IIoT and big data serve as the “smart” in a smart factory. IoT turns manufacturing machinery and the supply chain into intelligent agents that generate data. Analytics tools pull in that big data for self-learning.
Project teams that harness that self-learning can move from being reactionary to becoming visionary because they grasp this technology evolution. The technologies behind the smart factory offer workers improved user experience (UX) not just in application user interfaces but a modern, efficient, ergonomic workplace.
2. Big Data for Everyone
For project teams, data analytics will play a growing role in the fourth industrial revolution. One of the main reasons is that IIoT is enabling firms to capture actionable data from machinery across all their manufacturing facilities.
This means, everybody on the team will have a graphical view into data anytime, anywhere—not just project managers. A picture of machinery health and other related data will always be a few taps away. Three breeds of analytics will start to dictate what your project team maintains on the factory floor:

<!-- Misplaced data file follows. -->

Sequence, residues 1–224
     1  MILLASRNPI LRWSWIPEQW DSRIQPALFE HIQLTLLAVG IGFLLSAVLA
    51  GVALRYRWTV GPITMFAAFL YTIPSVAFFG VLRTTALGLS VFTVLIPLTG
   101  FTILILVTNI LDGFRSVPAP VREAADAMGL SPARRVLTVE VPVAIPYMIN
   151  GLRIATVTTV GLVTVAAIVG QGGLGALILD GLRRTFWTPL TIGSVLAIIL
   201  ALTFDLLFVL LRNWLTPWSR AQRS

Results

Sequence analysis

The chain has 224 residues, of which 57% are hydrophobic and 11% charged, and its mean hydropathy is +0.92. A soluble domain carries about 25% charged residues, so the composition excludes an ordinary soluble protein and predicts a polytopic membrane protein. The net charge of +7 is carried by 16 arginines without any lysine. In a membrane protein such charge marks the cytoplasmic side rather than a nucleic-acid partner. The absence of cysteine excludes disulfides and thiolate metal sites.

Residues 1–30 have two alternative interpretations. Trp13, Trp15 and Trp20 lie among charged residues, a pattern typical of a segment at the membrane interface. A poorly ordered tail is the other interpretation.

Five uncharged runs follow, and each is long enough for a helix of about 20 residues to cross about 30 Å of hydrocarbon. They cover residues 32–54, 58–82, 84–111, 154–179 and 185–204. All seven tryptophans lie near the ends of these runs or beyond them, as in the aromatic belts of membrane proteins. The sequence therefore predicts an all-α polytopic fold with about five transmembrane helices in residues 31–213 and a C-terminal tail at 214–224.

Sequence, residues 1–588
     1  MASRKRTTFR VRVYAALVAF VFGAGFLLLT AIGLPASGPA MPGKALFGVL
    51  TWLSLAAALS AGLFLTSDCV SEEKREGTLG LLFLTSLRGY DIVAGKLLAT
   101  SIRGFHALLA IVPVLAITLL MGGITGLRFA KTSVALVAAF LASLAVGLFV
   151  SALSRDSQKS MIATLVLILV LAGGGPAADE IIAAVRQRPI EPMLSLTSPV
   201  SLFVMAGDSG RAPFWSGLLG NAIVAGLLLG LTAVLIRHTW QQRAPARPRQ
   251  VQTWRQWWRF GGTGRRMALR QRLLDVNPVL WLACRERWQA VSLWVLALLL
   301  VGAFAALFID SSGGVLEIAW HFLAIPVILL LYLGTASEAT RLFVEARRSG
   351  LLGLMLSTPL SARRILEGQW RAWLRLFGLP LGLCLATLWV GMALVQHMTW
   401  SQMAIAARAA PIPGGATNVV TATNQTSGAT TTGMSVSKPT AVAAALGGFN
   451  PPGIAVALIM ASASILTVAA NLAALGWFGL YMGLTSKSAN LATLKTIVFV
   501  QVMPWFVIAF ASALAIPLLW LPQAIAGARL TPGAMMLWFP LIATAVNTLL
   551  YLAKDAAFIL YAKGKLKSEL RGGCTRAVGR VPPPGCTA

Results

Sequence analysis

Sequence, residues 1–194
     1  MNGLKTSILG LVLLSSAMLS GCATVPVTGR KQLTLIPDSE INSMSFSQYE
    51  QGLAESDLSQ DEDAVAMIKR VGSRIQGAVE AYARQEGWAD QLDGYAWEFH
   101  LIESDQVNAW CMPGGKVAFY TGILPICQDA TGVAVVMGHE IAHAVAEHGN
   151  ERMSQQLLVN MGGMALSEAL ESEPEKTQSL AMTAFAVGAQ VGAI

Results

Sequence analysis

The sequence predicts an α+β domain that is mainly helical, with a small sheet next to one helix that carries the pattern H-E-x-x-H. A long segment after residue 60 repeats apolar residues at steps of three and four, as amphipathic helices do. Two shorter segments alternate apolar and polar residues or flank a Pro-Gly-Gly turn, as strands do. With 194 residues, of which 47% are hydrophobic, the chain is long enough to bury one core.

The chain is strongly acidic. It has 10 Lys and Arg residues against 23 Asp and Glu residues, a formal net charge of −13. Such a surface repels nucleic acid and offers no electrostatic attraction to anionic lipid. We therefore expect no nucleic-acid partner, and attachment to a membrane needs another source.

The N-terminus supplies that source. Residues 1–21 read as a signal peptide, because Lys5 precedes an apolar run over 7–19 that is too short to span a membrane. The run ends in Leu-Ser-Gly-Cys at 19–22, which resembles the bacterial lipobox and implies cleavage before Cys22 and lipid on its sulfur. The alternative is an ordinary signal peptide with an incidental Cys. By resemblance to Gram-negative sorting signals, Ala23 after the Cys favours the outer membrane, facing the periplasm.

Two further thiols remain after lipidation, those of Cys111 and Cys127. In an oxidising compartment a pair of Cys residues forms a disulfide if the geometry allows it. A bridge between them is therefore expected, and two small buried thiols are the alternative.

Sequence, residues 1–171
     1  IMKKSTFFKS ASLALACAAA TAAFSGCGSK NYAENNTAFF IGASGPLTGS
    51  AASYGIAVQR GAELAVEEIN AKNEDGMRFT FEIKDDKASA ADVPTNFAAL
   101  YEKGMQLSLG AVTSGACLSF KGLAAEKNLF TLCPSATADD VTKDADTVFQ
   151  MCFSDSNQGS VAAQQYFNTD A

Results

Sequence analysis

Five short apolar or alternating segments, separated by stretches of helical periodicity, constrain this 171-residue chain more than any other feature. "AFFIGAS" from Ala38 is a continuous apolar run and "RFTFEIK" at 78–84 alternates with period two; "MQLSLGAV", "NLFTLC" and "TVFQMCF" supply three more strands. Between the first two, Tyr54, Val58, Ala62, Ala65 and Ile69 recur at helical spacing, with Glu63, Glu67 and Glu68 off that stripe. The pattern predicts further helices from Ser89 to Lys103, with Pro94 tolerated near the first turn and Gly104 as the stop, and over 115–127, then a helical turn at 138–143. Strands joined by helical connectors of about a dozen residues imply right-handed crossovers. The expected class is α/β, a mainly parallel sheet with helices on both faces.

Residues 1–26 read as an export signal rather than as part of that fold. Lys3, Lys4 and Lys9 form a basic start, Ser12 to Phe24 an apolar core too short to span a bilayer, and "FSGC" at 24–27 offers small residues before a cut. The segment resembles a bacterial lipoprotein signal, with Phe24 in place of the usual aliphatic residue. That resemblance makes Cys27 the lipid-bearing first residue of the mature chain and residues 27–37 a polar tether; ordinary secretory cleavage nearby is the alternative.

Descriptive Analytics using data aggregation and data mining to provide insight into the past and answer: “What has happened?”
Predictive Analytics using statistical modeling to understand the future and answer: “What could happen?”
Prescriptive Analytics using optimization and simulation algorithms. The output can offer possible outcomes to operations and maintenance scenarios and answer: “What should we do?
For example, collaboration, project management, and enterprise mobility management (EMM) solutions will use analytics for security. Management may consult the analytics for usage trends before negotiating the next license with the platform vendor.
The first project team in a manufacturing organization that harnesses data and analytics is going to have a front seat to the fourth industrial revolution. It’s important for your team to factor analytics and data into your project management strategy and learn to tell data-driven stories about progress (and not see the analytics as intrusive).